Symptoms of dengue
Dengue fever virus (serotypes 1 – 4) belongs to the group flavivirus, and is transmitted in nature by day-biting Aceder mosquitos.
Primary Dengue infection, also known as Dengue Fever, is the most common type of dengue illness. It is associated with mild to high fever, headache, muscle pain and skin rash.
Secondary infection is known as Dengue Hemorrhagic Fever (DHF) or Dengue Shock Syndrome, and often results in high fever and in many cases, with hemorrhagic events and circulatory failure.
The fatality rate in patients with Dengue Shock Syndrome can be as high as 44%. Dengue presents typically as a fever of sudden onset with headache, retrobullar pain, pain in the back and limbs (break-bone fever), lymphaderopathy and maculopaplar rash. Patients diagnosed with dengue in endemic areas generally have secondary infection, whereas patients in non-endemic areas are usually diagnosed with primary infection. Specific antibody responses to Dengue virus enable serodiagnosis and differentiation between primary and secondary dengue infections.
TEST PRINCIPLE of Dengue NS1 /IgG/IgM test
Dengue NS1 /IgG/IgM Combo Test is a simple, visual qualitative test that detects dengue virus antibodies IgG/IgM and dengue virus NS1 antigen in human blood. The test is based on immunochromatography and can give a result within 15 minutes.
Dengue NS1 (nonstructural protein I) is a highly conserved glycoprotein. NS1 antigen was found circulating in samples of infected patient from the first day up to 9 days after the onset of the fever. After the anti-NS1 antibody elevate in human body, the detectable NS1 antigens decline quickly. While detectable NS1 antigens declining, the elevated antibodies can be detected for longer time. Usually IgM does not become detectable until 3 to 10 days after the onset of illness in cases of primary dengue infection and until 2 to 3 days after onset of illness in secondary infections. In primary infections, IgG appear the 14th day and may persist for many years. Secondary infections generate an anamnestic IgG antibody response that is characterized by a rapid rise in IgG antibodies detectable at 4-5 days after the onset of the illness.(see graph)
The detection of both NS1 antigen and anti-Dengue antibodies provides the tool for the diagnosis of dengue infection from the early infection to the stage after the onset of the illness. It can enhance the accuracy of the diagnosis of dengue infection.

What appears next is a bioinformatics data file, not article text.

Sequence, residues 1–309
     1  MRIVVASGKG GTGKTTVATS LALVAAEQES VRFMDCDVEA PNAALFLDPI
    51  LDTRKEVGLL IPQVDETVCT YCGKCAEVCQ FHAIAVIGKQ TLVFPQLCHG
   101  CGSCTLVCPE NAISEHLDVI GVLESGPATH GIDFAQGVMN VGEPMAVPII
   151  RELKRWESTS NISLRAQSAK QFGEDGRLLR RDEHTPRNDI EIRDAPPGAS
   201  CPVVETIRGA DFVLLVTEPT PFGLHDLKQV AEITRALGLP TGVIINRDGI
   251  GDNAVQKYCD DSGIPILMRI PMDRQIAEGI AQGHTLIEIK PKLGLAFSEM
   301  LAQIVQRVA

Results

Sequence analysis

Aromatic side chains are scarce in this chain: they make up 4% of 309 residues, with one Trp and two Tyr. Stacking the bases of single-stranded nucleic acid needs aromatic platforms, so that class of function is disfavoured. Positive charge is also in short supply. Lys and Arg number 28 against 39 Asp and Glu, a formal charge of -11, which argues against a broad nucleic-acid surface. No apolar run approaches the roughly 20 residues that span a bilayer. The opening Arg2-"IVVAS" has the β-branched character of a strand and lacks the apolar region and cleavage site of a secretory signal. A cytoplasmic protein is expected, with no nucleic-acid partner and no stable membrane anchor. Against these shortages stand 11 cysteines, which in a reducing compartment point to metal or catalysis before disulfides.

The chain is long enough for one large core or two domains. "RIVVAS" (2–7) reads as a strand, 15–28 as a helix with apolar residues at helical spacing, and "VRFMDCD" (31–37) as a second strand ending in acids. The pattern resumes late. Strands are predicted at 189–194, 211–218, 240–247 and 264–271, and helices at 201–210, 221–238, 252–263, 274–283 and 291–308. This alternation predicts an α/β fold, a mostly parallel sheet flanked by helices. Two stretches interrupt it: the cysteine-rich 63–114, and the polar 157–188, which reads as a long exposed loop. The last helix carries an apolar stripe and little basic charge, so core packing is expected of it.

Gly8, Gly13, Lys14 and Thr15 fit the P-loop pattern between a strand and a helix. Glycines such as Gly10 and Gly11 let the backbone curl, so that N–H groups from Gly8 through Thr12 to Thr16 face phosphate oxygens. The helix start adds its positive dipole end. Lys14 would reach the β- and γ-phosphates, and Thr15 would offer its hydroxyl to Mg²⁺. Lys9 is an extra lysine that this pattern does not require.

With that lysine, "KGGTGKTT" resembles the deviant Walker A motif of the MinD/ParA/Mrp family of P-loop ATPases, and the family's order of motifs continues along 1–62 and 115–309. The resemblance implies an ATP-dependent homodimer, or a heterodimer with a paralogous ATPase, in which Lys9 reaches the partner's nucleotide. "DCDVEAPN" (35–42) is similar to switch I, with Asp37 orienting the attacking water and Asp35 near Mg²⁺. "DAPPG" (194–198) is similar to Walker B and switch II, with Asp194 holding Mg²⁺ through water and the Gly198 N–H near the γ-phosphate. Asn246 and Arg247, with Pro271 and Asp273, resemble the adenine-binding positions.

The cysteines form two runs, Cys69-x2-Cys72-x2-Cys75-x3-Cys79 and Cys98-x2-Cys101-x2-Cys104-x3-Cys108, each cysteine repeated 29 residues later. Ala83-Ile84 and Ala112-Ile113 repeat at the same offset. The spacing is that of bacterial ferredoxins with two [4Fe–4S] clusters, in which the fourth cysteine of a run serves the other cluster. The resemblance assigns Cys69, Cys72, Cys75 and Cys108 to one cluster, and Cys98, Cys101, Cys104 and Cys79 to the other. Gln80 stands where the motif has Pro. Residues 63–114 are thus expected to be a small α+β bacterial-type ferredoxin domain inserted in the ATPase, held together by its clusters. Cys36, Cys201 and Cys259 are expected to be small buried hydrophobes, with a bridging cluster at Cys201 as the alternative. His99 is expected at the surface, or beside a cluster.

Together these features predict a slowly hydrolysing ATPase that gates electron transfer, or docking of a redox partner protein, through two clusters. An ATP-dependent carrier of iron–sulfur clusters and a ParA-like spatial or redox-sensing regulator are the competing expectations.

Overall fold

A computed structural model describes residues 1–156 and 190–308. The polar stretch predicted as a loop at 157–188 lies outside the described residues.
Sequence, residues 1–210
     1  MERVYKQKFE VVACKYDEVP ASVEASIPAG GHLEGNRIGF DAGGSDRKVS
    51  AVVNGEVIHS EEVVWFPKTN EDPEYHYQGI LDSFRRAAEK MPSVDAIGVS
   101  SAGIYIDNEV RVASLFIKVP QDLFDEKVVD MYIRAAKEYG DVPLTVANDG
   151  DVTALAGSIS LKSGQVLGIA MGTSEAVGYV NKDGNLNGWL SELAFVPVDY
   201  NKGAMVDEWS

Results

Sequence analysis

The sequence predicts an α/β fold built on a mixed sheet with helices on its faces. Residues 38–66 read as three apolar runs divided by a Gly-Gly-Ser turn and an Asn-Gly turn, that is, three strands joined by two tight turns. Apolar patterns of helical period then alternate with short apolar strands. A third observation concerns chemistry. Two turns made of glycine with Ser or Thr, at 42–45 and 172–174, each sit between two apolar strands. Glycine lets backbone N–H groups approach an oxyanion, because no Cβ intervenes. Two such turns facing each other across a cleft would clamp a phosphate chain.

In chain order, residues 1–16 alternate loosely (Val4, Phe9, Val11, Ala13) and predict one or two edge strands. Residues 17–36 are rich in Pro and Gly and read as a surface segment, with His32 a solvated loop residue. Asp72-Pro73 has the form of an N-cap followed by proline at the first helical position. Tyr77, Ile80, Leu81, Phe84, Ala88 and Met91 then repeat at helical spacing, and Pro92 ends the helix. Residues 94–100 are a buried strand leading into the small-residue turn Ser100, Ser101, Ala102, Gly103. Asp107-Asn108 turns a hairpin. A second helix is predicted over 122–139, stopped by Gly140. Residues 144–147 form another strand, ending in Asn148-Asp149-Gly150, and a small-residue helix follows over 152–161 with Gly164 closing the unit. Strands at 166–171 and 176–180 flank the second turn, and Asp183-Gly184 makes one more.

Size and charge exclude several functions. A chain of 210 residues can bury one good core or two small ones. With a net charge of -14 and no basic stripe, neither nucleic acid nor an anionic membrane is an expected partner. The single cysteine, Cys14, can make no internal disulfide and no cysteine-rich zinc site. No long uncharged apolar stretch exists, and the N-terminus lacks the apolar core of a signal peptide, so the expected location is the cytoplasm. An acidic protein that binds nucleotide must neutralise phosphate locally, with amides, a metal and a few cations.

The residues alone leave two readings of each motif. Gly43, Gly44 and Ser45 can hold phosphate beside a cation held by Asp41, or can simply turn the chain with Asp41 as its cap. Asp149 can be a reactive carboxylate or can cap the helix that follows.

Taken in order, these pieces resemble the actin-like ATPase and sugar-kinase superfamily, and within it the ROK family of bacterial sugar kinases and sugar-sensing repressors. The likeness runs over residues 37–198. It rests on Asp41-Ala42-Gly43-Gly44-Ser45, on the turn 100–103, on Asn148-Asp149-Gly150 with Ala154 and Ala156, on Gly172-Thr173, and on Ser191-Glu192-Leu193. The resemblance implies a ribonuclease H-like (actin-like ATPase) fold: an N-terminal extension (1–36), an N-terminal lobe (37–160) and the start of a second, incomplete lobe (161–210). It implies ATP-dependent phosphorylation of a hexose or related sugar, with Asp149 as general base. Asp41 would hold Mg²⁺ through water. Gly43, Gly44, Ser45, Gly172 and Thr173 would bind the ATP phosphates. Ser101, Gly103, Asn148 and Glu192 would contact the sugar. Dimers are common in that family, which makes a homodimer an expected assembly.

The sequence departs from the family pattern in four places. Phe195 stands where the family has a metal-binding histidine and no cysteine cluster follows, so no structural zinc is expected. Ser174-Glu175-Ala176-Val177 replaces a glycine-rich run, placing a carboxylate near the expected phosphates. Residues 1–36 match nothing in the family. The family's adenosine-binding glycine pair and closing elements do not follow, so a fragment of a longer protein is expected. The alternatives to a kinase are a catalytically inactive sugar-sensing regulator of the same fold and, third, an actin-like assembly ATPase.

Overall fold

The following table summarizes results that may be seen with testing:
NS1 Result Positive = Current infection
NS1 antigen test is a quite specific test for early dengue and it is positive on day 1 before the antibody igm/igg tests become positive.
IgM Result = Positive = Current infection
IgG Result = Positive = Past infection
symptoms of malaria
Symptoms of malaria may include: Fever, Chills, Headache, Sweats, Fatigue, Nausea and Vomiting.
Symptoms may also appear in cycles. The time between episodes of fever and other symptoms varies with the specific parasite you are infected with. Episodes of symptoms may occur:
Every 48 hours if you are infected with P. vivax
P. falciparum does not usually cause a regular, cyclic fever.
The cyclic pattern of malaria symptoms is due to the life cycle of malaria parasites as they develop, reproduce, and are released from the red blood cells and liver cells in the human body. This cycle of symptoms is also one of the major signs that you are infected with malaria
Malaria is a serious, sometimes fatal, parasitic disease characterized by high fevers, shaking chills and flu-like illness, and is caused by a parasite that is transmitted from one human to another by the bite of infected Aropheres mosquitoes. The disease now occurs in more than 90 countries worldwide, and it is estimated that there are over 500 milllion clinical cases and 2.7 million malaria-cased deaths per year, 75% of them are African children. The infection with P. Falciparum if not promoptly treated, may to be fatal.
Intended Use of Malaria Pf Pv Antigen Test
Malaria Rapid Test Kit assists in the diagnosis of malaria by detecting evidence of malria parasites in human blood. It is used for detecting specific antigens produced by malaria parasites that are present in the body of infected or recently infected individuals.
"Pf" stands for Plasmodium falciparum and "Pv" stands for Plasmodium vivax. These are two different species of the parasite that causes malaria in humans. Pf causes the most acute, severe form of the disease, which can have a cerebral manifestation ("cerebral malaria") and causes the most deaths worldwide. Pv is still a serious disease, but usually less severe. If diagnosed early, both forms are easily treated and completely curable.
Test Procedure for both tests
1. Read the instruction manual.
2. Remove the test device from the sealed pouch and use it as soon as possible.
3. Place the test device on a clean and level surface.
4. Hold the dropper vertically and transfer 1 drop of specimen (about 25ul) to the specimen well(S) of the test device, then add 2 drops of buffer (about 100ul).
5. Read the test results in 10-20 minutes. Do not interpret results after 15 minutes.